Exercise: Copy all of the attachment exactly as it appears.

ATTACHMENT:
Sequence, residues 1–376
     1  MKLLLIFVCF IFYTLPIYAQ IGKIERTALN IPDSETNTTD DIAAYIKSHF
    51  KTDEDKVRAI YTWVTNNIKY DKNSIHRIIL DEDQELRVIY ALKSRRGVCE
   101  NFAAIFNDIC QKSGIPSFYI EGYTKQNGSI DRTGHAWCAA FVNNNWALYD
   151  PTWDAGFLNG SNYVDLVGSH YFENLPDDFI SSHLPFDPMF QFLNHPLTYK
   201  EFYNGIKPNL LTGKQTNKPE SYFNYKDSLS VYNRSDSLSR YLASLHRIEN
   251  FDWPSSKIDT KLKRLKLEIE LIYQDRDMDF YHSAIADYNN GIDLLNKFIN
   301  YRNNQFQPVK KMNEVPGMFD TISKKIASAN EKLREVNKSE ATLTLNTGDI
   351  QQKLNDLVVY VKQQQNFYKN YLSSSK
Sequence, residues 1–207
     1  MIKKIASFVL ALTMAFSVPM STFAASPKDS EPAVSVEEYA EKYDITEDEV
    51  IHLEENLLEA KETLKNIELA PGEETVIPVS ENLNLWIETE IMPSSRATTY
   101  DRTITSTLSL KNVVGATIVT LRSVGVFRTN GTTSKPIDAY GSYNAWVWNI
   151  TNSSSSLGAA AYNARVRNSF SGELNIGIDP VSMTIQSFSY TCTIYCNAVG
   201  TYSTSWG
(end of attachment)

Sequence, residues 1–376
     1  MKLLLIFVCF IFYTLPIYAQ IGKIERTALN IPDSETNTTD DIAAYIKSHF
    51  KTDEDKVRAI YTWVTNNIKY DKNSIHRIIL DEDQELRVIY ALKSRRGVCE
   101  NFAAIFNDIC QKSGIPSFYI EGYTKQNGSI DRTGHAWCAA FVNNNWALYD
   151  PTWDAGFLNG SNYVDLVGSH YFENLPDDFI SSHLPFDPMF QFLNHPLTYK
   201  EFYNGIKPNL LTGKQTNKPE SYFNYKDSLS VYNRSDSLSR YLASLHRIEN
   251  FDWPSSKIDT KLKRLKLEIE LIYQDRDMDF YHSAIADYNN GIDLLNKFIN
   301  YRNNQFQPVK KMNEVPGMFD TISKKIASAN EKLREVNKSE ATLTLNTGDI
   351  QQKLNDLVVY VKQQQNFYKN YLSSSK
Sequence, residues 1–207
     1  MIKKIASFVL ALTMAFSVPM STFAASPKDS EPAVSVEEYA EKYDITEDEV
    51  IHLEENLLEA KETLKNIELA PGEETVIPVS ENLNLWIETE IMPSSRATTY
   101  DRTITSTLSL KNVVGATIVT LRSVGVFRTN GTTSKPIDAY GSYNAWVWNI
   151  TNSSSSLGAA AYNARVRNSF SGELNIGIDP VSMTIQSFSY TCTIYCNAVG
   201  TYSTSWG